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$700 Million TIF For Massive ‘The 78’ Development Advances Despite 25th Ward Hopefuls’ Push For Delay

As many as 10,000 apartments and condos — and a new CTA station — could be built as part of the $7 billion project.

A rendering shows what The 78, a massive 62-acre redevelopment project, could look like when completed.
Related Midwest
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CHICAGO — The city’s Community Development Commission endorsed plans Tuesday for a $700 million subsidy for a development between the South Loop and Chinatown along the Chicago River, despite calls from City Council hopefuls to delay in light of the corruption scandal swirling around City Hall.

The commission’s unanimous approval sends plans for new 141-acre Roosevelt/Clark Tax Increment Financing Redevelopment Area (F2018-71) to the City Council’s Finance Committee for consideration, perhaps as soon as next month.

The 15-member mayoral appointed commission also approved the Department of Planning and Development recommendation that Related Midwest be allowed to develop the property.

The City Council already gave the developer approval to rezone the 62 acres along the Chicago River to DX-5, Downtown Mixed Use District in December. The change allows Related to build as many as 10,000 apartments and condominiums as part of the $7 billion project, whose name, The 78, is meant to signify that the massive development will add a new neighborhood to Chicago’s existing 77 community areas.

The new neighborhood will also be home to the Discovery Partners Institute, part of a new University of Illinois research facility that supporters contend will boost Chicago’s economy by super-charging job creation and economic development.

The commission approved slightly altered boundaries for the TIF district at the request of Ald. Pat Dowell (3rd), who wanted Cottontail Park removed from the TIF and to move the planned location for a new CTA Red Line station. That station will now be built on the southwest corner of 15th and Clark streets instead of on the southeast corner of 15th and State streets.

Representatives of construction firms hoping to be hired to build the development, which officials estimate will create 10,000 construction jobs, urged the commission to approve the project. Many praised Related Midwest for its commitment to hire minority owned firms.

Others called the development of the long-vacant land a “once-in-a-lifetime” opportunity set to bring 24,000 new jobs to Chicago.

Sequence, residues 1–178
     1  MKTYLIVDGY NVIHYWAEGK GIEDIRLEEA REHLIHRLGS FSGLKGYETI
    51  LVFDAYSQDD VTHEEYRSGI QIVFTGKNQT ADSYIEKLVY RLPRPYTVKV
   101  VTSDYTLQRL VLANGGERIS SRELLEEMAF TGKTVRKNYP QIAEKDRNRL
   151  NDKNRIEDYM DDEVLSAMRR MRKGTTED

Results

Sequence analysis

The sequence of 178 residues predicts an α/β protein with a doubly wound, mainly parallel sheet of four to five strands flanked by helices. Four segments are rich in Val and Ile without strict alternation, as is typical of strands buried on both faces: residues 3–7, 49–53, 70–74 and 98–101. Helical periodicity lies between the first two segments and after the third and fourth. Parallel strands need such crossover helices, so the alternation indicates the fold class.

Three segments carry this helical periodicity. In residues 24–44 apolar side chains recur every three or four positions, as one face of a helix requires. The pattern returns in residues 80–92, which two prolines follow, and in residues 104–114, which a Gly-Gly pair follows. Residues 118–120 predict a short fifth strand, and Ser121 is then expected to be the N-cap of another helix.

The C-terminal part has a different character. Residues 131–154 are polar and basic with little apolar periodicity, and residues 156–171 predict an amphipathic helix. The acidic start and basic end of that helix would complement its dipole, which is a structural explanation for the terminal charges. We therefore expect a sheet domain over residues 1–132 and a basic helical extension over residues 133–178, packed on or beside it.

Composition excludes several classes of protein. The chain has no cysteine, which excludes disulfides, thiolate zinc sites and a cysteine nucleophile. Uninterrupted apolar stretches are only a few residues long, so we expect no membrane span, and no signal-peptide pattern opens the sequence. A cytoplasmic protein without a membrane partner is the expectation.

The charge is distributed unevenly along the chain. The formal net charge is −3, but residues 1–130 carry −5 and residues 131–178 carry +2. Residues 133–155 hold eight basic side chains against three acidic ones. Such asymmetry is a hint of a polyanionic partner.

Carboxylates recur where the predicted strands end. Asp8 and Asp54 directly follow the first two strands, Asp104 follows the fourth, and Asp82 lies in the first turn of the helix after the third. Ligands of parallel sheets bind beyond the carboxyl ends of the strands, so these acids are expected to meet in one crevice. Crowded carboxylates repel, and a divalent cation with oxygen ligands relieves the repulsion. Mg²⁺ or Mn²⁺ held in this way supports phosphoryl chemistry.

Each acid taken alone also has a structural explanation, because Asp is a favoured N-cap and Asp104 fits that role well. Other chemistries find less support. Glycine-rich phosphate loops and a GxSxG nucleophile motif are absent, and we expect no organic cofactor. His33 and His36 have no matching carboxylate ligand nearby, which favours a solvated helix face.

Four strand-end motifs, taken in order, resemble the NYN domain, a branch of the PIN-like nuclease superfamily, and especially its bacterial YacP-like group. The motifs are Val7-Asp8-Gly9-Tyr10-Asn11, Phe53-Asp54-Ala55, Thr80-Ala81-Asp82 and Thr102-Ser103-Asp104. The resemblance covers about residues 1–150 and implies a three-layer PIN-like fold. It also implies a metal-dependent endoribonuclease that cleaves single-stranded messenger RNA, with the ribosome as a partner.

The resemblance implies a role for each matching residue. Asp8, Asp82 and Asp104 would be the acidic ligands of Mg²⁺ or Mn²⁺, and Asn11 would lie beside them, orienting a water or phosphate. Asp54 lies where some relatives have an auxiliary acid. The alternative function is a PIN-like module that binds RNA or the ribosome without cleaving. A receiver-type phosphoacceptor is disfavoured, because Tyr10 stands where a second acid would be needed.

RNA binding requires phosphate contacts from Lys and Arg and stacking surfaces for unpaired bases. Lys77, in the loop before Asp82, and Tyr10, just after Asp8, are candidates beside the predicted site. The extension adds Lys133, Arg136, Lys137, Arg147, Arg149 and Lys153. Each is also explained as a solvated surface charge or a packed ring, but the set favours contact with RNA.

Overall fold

But two candidates running to replace disgraced Ald. Danny Solis (25th) asked the commissioners to delay the vote. Solis supports the project, as does Mayor Rahm Emanuel, who appoints the members of the commission.

“We have heard plenty from contractors and those who have a stake in the project,” said candidate Byron Sigcho Lopez. “We have heard very little from residents.”

Candidate Alex Acevedo called for a full investigation of whether Solis — whom the Sun-Timesreported traded sex acts, Viagra, free weekend use of an Indiana farm once owned by Oprah Winfrey and a steady stream of campaign contributions for City Council actions — acted corruptly when he fast-tracked the development (O2018-4455).

“We can wait a few more months to make sure this development is ethical and free of scandal,” Acevedo said.

However, Curt Bailey of Related Midwest said the firm has been working on The 78 for 2.5 years and held more than 30 meetings with members of the public.

Department of Planning and Development Commissioner David Reifman said the development “is a tremendous opportunity for the entire city.”

As part of a negotiated agreement backed by planning officials and Solis, Related Midwest agreed to set aside 500 units on site as affordable, and pay a $91.3 million fee to the city’s Affordable Housing Opportunity Fund in lieu of adding another 500 on-site units.

City officials will allow the remaining 1,000 units to be built off-site. Half of those units — 500 — must be built in Pilsen or Little Village, according to the agreement. The other half must be built within two miles of the project, officials said.

That requirement will help fuel the creation of affordable housing in the rapidly gentrifying Pilsen and Little Village area, Solis has said.

“This is not a giveaway,” Reifman said. “This is an investment.”

TIF districts capture all growth in the property tax base in a designated area for a set period of time, usually 20 years or more, and divert it into a special fund for projects designed to spur redevelopment and eradicate blight.

Here’s how officials said the $700 million generated by the TIF will be used:

  • $364 million for the new CTA station
  • $84.5 million to realign the Metra tracks
  • $79 million for Clark Street improvements
  • $13 million to extend 15th Street
  • $101 million for a new river wall
  • $95 million for site preparation, legal costs, job training, interest and affordable housing construction.